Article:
Remember Ron and Kim Possible?
Reblog and click the picture
my childhood is ruined. D:
OMFG HAHAHAHAHA WHAT
woww lol was not expecting that
well things definitely change over the years
well i wasn’t expecting that at all
Photoshop In life.
reblog then click the photo
I’m sorry but this is just cool.
what the hell?! why doesn’t this have more notes?!
Oh my god.
I WANTED TO KNOW WHAT THE FUSS WAS ABOUT D:
My eleventh grade English teacher was a guy named Paul MacAdam. I got a D in the class, and I only got the D because I wrote a paper about Toni Morrison’s The Bluest Eye over the summer. I was a crap student: I didn’t read; I didn’t participate; I didn’t turn in papers, or when I did, it was embarrassingly obvious I hadn’t read the books. I also skipped class a lot. It was in the morning, and I didn’t think very highly of morning classes.
I actually said that to him once. He took me aside after the bell rang one day and said you’ve been missing a lot of class, and I was like, “Yeah, I don’t think too highly of morning classes.” I was a real peach.
But when I did go to class, I was usually the last person to file into the room. One thing I remember about that class: Mr. MacAdam always held the door open for us until the bell rang. We’d walk in, and he’d greet each of us. He always held the door open until the bell started ringing, and I’d come in last, three seconds before the bell rang, staring at my untied sneakers, stinking of cigarette smoke, and he’d say, “Mr. Green, always a pleasure,” and then he and the class would talk about the book. Say it was Slaughterhouse Five. I hadn’t read it, of course, but they would talk about it, and MacAdam would get to talking about war and the nonlinear nature of time and how Vonnegut had stripped down the language to tell the nakedest of truths.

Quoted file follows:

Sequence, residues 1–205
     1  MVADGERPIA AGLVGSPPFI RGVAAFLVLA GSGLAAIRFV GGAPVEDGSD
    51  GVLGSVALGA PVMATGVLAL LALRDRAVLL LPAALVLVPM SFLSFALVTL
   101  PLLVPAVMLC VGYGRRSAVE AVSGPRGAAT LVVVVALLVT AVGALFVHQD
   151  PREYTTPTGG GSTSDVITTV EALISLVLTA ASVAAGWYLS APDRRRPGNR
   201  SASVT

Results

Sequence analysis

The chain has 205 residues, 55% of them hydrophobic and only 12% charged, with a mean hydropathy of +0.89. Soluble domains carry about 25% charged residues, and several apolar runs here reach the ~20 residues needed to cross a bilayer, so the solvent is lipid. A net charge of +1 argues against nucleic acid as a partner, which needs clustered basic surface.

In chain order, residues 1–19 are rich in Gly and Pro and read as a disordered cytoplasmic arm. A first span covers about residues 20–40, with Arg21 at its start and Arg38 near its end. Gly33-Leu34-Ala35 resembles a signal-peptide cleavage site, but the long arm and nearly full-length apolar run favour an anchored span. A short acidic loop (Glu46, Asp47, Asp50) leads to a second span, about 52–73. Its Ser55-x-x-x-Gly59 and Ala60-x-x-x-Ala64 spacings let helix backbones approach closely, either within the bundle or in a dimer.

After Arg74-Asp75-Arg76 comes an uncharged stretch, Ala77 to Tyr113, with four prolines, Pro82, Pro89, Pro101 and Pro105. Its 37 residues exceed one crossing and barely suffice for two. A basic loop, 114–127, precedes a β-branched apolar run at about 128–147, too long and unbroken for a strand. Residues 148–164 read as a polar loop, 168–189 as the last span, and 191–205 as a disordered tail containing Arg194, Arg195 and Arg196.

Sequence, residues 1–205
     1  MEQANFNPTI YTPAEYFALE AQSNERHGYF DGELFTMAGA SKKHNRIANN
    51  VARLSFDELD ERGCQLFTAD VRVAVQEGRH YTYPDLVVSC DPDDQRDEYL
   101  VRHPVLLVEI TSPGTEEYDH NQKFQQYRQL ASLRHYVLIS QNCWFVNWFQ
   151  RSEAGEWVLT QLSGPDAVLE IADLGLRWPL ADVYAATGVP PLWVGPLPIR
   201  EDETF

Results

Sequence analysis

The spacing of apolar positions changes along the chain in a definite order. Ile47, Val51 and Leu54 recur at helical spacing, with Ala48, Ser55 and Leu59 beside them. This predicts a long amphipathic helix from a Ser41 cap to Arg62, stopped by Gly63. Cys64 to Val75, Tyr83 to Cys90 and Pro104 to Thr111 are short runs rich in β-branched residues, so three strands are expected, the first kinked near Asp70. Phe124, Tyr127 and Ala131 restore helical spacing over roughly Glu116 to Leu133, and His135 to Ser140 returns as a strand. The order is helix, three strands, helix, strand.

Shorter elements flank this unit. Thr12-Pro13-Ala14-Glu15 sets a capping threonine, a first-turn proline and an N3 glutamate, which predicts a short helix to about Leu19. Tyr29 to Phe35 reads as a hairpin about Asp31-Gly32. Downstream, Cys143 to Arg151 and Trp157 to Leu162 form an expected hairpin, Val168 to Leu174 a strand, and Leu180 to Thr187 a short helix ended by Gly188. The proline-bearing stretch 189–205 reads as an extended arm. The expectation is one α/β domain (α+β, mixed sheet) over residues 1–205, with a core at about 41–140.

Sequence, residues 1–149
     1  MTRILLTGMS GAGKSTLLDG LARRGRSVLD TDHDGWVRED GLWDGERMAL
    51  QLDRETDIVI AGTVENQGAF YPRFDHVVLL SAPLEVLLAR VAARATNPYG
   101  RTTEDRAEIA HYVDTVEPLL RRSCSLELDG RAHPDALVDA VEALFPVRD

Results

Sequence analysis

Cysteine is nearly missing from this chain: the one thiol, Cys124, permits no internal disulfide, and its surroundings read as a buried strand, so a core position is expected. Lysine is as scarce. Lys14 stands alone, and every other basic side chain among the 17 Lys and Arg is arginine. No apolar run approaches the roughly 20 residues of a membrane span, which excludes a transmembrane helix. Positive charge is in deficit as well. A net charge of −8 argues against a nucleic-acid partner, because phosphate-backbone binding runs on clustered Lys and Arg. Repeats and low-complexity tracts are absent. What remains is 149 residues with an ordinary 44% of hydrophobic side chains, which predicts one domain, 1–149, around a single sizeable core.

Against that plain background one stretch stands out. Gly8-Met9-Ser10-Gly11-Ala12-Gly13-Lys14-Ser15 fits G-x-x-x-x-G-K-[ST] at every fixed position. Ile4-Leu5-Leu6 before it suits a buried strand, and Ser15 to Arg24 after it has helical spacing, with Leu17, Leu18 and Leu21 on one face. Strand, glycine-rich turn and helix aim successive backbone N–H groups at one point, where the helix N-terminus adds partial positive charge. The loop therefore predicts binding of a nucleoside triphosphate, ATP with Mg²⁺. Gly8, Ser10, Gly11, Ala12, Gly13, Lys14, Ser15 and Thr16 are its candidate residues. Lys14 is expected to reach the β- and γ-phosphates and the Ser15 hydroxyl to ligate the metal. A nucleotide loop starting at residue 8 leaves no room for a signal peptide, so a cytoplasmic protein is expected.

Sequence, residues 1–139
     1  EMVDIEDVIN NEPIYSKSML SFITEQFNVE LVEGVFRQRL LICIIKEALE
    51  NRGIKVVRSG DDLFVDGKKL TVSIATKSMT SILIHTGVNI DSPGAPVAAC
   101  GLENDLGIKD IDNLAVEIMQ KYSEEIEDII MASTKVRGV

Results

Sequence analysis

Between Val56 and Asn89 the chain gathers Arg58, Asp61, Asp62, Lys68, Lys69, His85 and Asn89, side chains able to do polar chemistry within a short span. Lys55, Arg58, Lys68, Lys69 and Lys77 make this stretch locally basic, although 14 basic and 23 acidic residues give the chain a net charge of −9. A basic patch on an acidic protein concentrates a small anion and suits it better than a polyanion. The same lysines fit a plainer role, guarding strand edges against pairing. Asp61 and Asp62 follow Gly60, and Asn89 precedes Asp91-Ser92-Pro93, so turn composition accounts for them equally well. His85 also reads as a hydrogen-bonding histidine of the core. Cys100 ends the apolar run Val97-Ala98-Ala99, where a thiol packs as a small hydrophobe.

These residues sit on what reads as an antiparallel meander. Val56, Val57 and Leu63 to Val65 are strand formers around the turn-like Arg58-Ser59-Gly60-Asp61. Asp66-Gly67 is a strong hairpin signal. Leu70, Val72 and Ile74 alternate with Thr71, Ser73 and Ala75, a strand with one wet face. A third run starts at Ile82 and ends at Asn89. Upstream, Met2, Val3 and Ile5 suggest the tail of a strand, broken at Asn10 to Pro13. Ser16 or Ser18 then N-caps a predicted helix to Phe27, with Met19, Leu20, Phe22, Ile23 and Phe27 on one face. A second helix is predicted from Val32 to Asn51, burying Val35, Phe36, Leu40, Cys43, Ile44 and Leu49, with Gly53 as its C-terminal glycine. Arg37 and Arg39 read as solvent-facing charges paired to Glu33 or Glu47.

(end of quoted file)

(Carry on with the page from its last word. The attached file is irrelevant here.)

But the discussion was always so interesting—these big, hot, fun ideas seemed to matter so much. So I read the books. I never read them when I was supposed to read them; I’d read them a week later, after I’d already gotten an F on my reaction paper. But I’d read them. In essence, I was reading great books for fun. MacAdam didn’t know it, of course. He probably still doesn’t know it. But it didn’t matter whether I was worthy of his faith; he kept it. He still held the door open every day for me. He still treated me like I was the smartest kid in the class, still took me seriously on those rare occasions when I’d raise my hand, still listened thoughtfully to me when I’d give him my reading of a passage I could comment upon only because he’d just read it out loud. He believed I was real, that I mattered. I wasn’t yet able to understand that he mattered, but he was okay with that. He just kept holding the door open for me.John Green, excerpt from his 2008 speech at the Alan Conference (via speciousstuff)
- Americans 364 days of the year: God, America is so stupid I hate it so much. Everything here sucks. Why can't we be awesome like Canada? Our country sucks, our politics suck, everything sucks. Wish I could leave and live in England ugh.
- Americans on the 4th of July: WOW I WOKE UP THIS MORNING FEELING SO GOOD TO KNOW THAT I AM HERE APART OF THE FIFTY NIFTY UNITED STATES WOW AMERICA YOU'VE OUTDONE YOURSELF IN AWESOMENESS TODAY YOU DESERVE A PRIZE OF SWEET JUSTICE. HERE LET US WATCH A BEAUTIFUL FIREWORK SHOW AND LISTEN TO PARTY IN THE USA AND LOOK AT BALD EAGLES AND GO TO MCDONALDS AND ORDER FREEDOM WITH A SIDE OF FREEDOM. WE CAN DO THAT BECAUSE WE HAVE F R E E D O M. GOD BLESS AMERICA.
Today is the anniversary of the day America broke up with England
To celebrate, I wrote a little song:
Cuz if you liked it then you shouldn’t have put your rules on it
If you liked it then you shouldn’t have put that tax on it
Don’t be mad once you see our freedom hit
If you liked it then you shouldn’t have badly governed it
Wo oh oh, oh oh oh oh oh oh, oh oh oh, wo oh oh
america has way too much pride for a country that everyone hates
Can’t hear you over our freedom.